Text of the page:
Garbage collection in libgc

July 16, 2014

In my previous post I attempted to read and understand some of the allocation code in the libgc garbage collector. In this post I will attempt to understand some of the collection code.

The libgc code is a conservative garbage collector. That is, it does not require the allocator, client program, or operating system do anything special to allow it to recognize pointers to objects allocated on the heap. Instead, it scans the memory and registers, looking for values that might be pointers, and attempts to reclaim unused memory. Interestingly, the libgc code provides no guarantees that it will reclaim all unused memory! However, it is usually able to reclaim most, leaving the amount of memory not reclaimed bounded.

Disclaimer##

The libgc code is the Boehm-Demers-Weiser conservative garbage collector for C and C++. It is used in a number of projects, including Mono and GCJ. I’m entirely new to the code base, so any conclusions I draw here could be incorrect. Please take them with a grain of salt, or, better yet, attempt to disprove them yourself. If you do, please let me know, as I am happy to learn something that I may have missed.

When does garbage collection occur##

Garbage collection actually occurs during allocation. To see this, I’ll use the following test program:

We saw in the previous post that libgc makes a distinction between large and small objects. I need to allocate an object of size 2048 bytes to use the large object allocation on my 32-bit Windows 7 machine. Garbage collection is first attempted when the libgc code recognizes that it does not have enough free space to complete the requested allocation. The GC_alloc_large function calls GC_allochblk once to perform the necessary allocation. If this allocation fails, the GC_collect_or_expand function is called to attempt to either reclaim some unused memory or expand the pool of available memory from the OS. Once GC_collect_or_expand completes, GC_allochblk is called again.

Marking objects that are in use##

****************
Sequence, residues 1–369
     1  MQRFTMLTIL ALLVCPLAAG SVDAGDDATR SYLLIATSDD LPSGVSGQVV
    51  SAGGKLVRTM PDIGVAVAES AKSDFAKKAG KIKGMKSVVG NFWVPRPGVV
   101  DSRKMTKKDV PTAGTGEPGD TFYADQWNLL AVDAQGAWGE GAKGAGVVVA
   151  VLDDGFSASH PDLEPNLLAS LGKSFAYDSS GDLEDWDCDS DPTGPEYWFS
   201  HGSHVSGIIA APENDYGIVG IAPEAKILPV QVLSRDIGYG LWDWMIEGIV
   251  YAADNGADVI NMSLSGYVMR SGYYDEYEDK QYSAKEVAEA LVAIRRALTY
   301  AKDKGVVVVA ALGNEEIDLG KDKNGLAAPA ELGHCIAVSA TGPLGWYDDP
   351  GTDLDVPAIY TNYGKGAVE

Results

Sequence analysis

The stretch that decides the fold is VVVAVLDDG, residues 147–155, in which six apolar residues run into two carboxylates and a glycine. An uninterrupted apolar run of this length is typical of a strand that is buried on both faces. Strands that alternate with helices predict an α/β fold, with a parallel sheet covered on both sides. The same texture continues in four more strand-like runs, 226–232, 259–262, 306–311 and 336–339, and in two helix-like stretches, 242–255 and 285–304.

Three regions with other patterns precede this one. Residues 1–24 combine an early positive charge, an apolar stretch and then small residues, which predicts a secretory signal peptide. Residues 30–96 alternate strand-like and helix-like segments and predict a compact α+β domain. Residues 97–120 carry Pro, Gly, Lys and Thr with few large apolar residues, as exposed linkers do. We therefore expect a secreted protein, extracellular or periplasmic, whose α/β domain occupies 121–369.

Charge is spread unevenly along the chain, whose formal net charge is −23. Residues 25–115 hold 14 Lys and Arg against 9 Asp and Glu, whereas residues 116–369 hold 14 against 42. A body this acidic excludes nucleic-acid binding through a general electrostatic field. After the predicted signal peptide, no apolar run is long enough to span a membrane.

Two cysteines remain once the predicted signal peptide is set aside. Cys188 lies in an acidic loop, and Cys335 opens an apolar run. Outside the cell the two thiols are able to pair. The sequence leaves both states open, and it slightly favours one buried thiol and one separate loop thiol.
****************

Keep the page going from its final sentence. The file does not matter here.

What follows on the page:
The libgc code uses a marking process to determine which blocks of allocated memory are still in use, and therefore which ones can be reclaimed. A block that is probably still in use is marked and will not be reclaimed yet. The code which does the marking is in the GC_mark_from function in the mark.c file.

Reading this function is a bit daunting, since it is rather complex. This is a quote from the comment at the top of the function:

Note that this is the most performance critical routine in the collector. Hence it contains all sorts of ugly hacks to speed things up.

I won’t attempt to understand the entire function. Instead, I’ll stick to the section near the end of the function which actually marks used blocks.

Sometimes I find it easier to read code from the inside out. That is, find the code which performs the action I want to understand, then follow the conditional statements which lead to that code, starting with the closest.

In this case, I want to learn how objects that are in use are marked. The libgc code keeps track of a stack of marked objects. This code will add a block to the stop of the stack in the PUSH_CONTENTS macro on line 18. An object is considered in use (line 8), and is marked, if its address (represented by current) is between the least (least_ha) and greatest (greatest_ha) plausible heap addresses, which were computed earlier. The searching starts at current_p (line 1) and stops with the bound determined by limit.

As the comment at the top of the function mentions, the calling code is responsible to call GC_mark_from for each frame on the mark stack.

Reclaiming everything not marked##

After all of the allocated memory that is in use has been marked, the GC_reclaim_block function is called to free all blocks that are not marked via the GC_freehblk function. Once a block is reclaimed, it is added to the free list so that it can be used again in a subsequent allocation.

Conclusion##

I’ve learned a bit about the allocation and collection code in libgc. The code is rather complex and highly optimized for various compilers and platforms, so understanding even a small portion of it is difficult. The fact that it can serve as a drop-in replacement for malloc and free without placing any additional requirements on the client code or the operating system is fascinating.

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